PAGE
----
Friday, September 26, 2008

Separation of Church and State

Mikaela says:
NPR had a great, if disturbing, story about 30 Christian churches that are planning to flagrantly violate the prohibition against advocating or opposing political candidates from the pulpit.

As tax-exempt organizations -- receiving a financial benefit from the federal government -- there must be a separation of church and state. Churches are free to talk issues, advocate for positions, etc., but the line is drawn when it comes to using tax-free dollars to campaign for or against candidates. That's separation of church and state, and it's a HUGE part of our constitution that ensures freedoms for the wide range of diversity of religions and churches in this nation.

It appears some Christian pastors feel they're above all that.

"Bottom line is, I'm a spiritual leader in this community, and spiritual leaders need to make decisions. We need to lead spiritually, and we need to be able to speak about the moral issues of the day. And right now, the moral issues of today are also the political issues of today," Pastor Gus Booth said.

Pastor Booth will endorse Republican nominee John McCain — four months after delivering a sermon opposing the two main candidates seeking the Democratic presidential nomination.

In May, Booth told his 150 congregants of the Warroad Community Church in Warroad, Minn., that the next president will determine policy on issues like same-sex marriage and abortion.

"If you're a Christian, you cannot support a candidate like Barack Obama or Hillary Clinton," Booth said.

...Booth sent an article about his sermon to the IRS so the agency wouldn't miss it. He and his elders knew he would be jeopardizing the church's tax-exempt status.

"Big deal," he said. He added that he can get it back the next day because churches are automatically tax-exempt.

Besides, he said, electing "Godly people is more important than money."

Pastor Booth is not alone on this one. Now over 3o pastors plan this Sunday to preach politics from the pulpit and campaign with tax-free money to a captive audience. Oh my, but would I love for there to be media coverage of any walk-outs.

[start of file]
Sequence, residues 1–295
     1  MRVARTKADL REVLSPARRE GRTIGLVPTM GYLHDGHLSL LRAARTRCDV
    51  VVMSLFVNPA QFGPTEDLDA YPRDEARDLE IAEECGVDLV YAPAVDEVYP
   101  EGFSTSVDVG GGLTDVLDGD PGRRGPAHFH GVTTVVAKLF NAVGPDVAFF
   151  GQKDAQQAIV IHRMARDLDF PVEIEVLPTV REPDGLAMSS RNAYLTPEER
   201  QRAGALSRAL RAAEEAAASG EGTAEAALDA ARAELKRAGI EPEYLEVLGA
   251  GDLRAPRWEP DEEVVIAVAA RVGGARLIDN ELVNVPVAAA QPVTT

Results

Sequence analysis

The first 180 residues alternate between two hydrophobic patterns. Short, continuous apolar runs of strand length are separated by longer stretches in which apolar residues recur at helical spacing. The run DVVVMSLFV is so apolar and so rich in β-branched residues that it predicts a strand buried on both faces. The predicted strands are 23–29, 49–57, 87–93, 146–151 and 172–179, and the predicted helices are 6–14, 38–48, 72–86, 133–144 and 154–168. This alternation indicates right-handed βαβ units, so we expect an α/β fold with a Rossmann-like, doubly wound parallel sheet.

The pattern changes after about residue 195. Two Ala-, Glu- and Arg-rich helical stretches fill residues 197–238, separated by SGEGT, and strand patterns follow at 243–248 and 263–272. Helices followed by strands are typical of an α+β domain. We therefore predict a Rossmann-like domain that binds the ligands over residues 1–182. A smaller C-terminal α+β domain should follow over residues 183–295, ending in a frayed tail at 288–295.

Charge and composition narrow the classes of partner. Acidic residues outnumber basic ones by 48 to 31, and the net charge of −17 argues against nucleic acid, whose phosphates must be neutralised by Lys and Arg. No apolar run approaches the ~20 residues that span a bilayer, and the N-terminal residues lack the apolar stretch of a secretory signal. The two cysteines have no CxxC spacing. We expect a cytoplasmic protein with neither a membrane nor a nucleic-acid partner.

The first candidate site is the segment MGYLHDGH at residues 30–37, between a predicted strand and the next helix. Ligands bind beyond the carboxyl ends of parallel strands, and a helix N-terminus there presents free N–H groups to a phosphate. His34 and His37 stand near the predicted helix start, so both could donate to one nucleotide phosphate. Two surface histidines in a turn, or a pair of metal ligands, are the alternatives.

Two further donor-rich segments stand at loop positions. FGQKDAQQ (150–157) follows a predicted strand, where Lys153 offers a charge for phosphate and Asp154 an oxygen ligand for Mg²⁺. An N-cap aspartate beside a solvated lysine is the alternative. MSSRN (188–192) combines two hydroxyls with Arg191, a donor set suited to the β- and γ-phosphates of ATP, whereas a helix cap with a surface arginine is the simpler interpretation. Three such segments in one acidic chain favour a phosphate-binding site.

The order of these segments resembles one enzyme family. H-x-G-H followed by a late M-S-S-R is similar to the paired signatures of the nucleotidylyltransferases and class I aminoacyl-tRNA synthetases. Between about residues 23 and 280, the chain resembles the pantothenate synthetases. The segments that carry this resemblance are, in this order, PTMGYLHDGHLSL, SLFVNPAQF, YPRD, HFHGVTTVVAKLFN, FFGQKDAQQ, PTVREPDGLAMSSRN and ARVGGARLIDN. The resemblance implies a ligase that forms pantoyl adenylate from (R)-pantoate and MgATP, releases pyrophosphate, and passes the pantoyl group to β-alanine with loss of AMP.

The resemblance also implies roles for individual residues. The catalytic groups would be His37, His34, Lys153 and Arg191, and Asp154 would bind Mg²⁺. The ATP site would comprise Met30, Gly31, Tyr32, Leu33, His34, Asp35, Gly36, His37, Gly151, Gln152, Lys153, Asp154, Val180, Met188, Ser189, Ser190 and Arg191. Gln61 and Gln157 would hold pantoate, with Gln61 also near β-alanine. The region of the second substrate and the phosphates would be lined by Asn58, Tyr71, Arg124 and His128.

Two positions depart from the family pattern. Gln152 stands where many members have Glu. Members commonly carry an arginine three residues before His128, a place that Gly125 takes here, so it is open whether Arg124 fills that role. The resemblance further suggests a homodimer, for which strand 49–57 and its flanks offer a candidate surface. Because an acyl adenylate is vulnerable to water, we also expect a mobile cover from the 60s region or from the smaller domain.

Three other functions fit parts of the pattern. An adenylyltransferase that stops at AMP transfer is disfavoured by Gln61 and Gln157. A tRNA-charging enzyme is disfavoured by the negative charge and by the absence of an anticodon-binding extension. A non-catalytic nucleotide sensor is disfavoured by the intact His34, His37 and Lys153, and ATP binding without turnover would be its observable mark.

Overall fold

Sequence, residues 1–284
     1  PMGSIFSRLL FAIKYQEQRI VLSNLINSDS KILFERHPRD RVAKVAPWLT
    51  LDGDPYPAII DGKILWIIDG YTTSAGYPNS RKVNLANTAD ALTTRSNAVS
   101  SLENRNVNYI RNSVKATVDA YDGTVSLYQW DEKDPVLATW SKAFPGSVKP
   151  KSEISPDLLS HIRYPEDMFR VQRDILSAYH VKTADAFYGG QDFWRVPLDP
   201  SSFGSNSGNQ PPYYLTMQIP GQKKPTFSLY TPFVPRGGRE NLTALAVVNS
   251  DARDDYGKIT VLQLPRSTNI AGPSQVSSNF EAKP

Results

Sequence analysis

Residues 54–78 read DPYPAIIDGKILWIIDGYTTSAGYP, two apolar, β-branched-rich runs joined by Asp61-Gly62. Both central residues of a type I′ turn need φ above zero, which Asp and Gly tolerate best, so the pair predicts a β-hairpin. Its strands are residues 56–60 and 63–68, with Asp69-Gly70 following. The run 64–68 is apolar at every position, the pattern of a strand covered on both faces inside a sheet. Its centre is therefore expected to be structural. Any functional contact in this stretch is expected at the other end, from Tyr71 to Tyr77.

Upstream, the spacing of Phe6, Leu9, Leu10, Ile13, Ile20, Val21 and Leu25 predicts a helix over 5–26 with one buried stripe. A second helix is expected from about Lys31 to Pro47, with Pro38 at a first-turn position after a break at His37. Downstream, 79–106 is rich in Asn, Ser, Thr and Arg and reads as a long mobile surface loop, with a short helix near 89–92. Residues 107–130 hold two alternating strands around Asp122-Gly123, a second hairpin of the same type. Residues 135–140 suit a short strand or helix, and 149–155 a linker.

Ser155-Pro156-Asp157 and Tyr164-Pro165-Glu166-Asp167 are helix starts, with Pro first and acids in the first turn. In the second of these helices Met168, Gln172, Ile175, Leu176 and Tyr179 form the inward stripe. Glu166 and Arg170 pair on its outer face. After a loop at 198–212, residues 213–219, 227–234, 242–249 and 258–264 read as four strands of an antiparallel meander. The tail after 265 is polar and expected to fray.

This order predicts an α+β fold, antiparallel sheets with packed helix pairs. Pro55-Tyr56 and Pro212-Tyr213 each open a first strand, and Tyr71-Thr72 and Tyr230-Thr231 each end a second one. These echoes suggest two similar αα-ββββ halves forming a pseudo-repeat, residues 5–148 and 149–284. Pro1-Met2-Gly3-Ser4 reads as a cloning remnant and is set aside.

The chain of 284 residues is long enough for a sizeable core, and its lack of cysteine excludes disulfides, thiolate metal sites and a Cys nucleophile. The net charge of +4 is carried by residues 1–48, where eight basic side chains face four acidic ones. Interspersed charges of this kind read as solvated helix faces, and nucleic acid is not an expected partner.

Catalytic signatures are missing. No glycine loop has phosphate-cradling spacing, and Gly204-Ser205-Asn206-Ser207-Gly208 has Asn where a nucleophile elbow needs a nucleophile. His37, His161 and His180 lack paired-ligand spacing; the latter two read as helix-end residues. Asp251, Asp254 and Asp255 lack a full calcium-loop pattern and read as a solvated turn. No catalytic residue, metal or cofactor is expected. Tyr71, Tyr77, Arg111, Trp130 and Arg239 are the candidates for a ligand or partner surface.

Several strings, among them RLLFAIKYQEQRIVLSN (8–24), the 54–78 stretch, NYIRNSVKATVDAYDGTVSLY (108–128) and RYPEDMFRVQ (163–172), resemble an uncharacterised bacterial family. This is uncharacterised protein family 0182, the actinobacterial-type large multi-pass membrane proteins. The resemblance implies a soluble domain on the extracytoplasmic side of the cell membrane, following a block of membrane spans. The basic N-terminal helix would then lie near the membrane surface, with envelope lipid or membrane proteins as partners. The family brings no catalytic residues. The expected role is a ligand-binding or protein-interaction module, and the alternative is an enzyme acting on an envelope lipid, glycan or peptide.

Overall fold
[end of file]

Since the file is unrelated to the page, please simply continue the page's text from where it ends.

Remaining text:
Two weeks ago, more than 100 pastors squeezed into a hotel meeting room in Washington, D.C., to learn about the Pulpit Initiative, a brain child of the conservative legal group, Alliance Defense Fund.

"What's been happening is that the government has been able to go into the pulpits of America, look over the pastor's shoulder, and parse the content of their sermon. And that's unconstitutional," [Defense Fund lawyer] Stanley said. "No government official should entangle itself with religion in that way."


[Ohio Pastor Eric Williams] says it's also the attempt of some churches to move aggressively into politics.

"I ask myself, 'Hmm. Why would a religious leader want to oppose a candidate? Why would a religious leader want to stand up and ask for my support for a candidate who's running for office?' They want to gain influence in the governmental process," Williams said.


"My concern is that an extreme segment of the Christian faith today is seeking to establish themselves as the public religion of our nation," Williams said.

This is such an important issue. We see what's happened as fundamentalist Christians have tried to hijack the Republican party, making candidates like McCain stray far from their voting records to court the "base."

And you can bet these same pastors, if liberal or (God-forbid) Muslim churches started campaigning from the pulpit, would be screaming bloody murder for government intervention - calling for National Guard troops or CIA-infiltration to stop them.

It's gross, it's irresponsible, hypocriticical, and unconstitutional. I am glad that I belong to a church that actually stays hypervigilant about protecting this line between issues and political campaigns and will cut a speaker off mid-sentence if they appear ready to cross it. That's protecting EVERYONE's religious freedoms.